Good lord we're bored.
Last week was Semana Santa. For those who don't know, Semana Santa is a week-long celebration to commemorate some guy the locals call Jesus (pronounced Hey, Zeus!) and his rise from the dead.
Here in Paraguay, they pay homage to this zombie Jesus by doing absolutely nothing all week and eating cheesy bread. Government offices and area businesses shut down. Fields go unattended. Schools are closed. Dogs are left unkicked. The entire country is encouraged to take a break from work and spend time with their families. Which is all well and good, unless you're a couple of Nortes in desperate search of work and whose closest family is on another continent.
Roughly 24 hours into Semana Santa the stir craziness started to kick in. Since everyone else in site was pretty much on vacation for a week, we elected to create work for ourselves just to get out of the house. For instance, one of the world maps we painted at a nearby school was essentially finished. But, since we literally had nothing else to do, we decided to "trick out" said map.
We added the school's logo in one corner. Next, we threw in a snazzy compass. The entire map got an extra coat of paint. Everything was labeled and, sometimes, re-labeled. Out of sheer boredom, we started to go a little overboard. You know what would really spruce up Africa? A racing stripe!
Unnecessary map work only got us through two days of the doldrums of Semana Santa. We survived the middle of the week by feasting on a steady diet of running, crossword puzzles, full-on philosophical discussions with the cat and watching It's Always Sunny in Philadelphia on our computer. And you were worried your tax dollars were going to waste here, America.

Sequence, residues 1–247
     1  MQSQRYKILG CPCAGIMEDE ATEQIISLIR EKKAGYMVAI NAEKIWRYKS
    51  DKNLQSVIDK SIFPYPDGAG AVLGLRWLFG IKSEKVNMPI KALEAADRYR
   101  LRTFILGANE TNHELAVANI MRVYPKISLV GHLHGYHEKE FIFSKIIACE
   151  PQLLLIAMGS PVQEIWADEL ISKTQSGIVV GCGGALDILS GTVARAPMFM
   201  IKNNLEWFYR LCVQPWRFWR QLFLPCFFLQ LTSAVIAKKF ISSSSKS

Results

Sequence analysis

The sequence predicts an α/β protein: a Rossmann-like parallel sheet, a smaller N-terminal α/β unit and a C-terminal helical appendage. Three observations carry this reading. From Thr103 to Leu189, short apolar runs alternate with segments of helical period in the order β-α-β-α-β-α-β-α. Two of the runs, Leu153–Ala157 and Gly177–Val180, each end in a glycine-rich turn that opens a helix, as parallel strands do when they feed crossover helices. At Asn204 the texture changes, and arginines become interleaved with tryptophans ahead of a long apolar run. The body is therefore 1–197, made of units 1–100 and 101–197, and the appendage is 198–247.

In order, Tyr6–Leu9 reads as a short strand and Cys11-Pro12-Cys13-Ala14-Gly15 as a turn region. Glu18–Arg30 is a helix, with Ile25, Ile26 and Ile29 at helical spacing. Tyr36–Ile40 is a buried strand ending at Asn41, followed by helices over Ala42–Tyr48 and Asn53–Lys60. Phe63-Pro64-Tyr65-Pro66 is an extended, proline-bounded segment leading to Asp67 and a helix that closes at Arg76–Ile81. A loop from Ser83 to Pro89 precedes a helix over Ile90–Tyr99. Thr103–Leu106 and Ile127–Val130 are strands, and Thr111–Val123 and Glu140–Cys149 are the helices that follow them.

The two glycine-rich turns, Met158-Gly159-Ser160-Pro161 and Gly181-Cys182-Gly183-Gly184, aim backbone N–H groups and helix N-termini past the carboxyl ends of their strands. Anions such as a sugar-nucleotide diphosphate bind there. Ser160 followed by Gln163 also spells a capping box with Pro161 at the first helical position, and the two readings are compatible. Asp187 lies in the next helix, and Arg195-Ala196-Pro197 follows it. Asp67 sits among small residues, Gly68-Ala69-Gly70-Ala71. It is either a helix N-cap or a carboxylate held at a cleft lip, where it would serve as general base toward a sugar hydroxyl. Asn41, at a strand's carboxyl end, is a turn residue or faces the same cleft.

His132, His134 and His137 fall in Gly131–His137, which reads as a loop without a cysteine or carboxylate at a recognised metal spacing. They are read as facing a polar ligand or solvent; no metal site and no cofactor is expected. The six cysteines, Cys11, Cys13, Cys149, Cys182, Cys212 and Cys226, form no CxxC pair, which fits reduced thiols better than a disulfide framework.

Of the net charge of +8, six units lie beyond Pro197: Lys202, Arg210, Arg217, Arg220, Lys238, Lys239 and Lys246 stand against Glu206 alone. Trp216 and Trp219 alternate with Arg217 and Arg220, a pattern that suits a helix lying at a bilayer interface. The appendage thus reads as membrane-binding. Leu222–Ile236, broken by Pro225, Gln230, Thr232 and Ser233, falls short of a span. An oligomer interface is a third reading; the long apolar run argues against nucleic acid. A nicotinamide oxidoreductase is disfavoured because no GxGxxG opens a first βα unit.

On Friday, things picked up a bit. It is Paraguayan custom to fast and only eat chipa on Good Friday. Chipa is basically dry, hard cheesy bread made in a brick oven. Starting at the crack of dawn (literally), we had neighbors lining up at our gate to give us some of their homemade chipa.
Carly and I decided to follow the local custom and eat nothing but chipa all day. This wasn't for religious reasons, we just had so much of it gifted to us and we forgot to buy groceries before all the stores closed earlier in the week. We gorged ourselves on the stuff. By the end of the day, we could hardly move. Chipa has a tendency to sit like a rock in one's belly. It became a struggle just to get up and answer the door when the next neighbor came a calling with another batch of chipa.
"More chipa? You shouldn't have. No seriously, you shouldn't have. I just took a dump the size of a football."
A crazy windstorm came from out of nowhere on Saturday and we lost power through the weekend. As if the week wasn't bad enough, now we were incredibly bored in the dark. It was pitch black everywhere and eerily quiet except for the gentle sound of Carly and I sobbing.
Time was moving so slow it actually felt like the clock was ticking backwards. And then on Saturday night, it actually did. Like some cruel joke, another hour was added to the longest week in history thanks to daylight saving time.
Easter Sunday was no better. We were still without food or power, but now it was cold and rainy. Add to that the random flying bug infestation that overtook our house and you have yourself the perfect ending to the worst week ever. The annoying-ass icing on a shit cupcake, if you will.
Thankfully, Semana Santa is now over. Paraguay is up and running again and Carly and I have some important work that is sure to keep us busy this week: we're headed to Uruguay for vacation.
Until next time, amigos.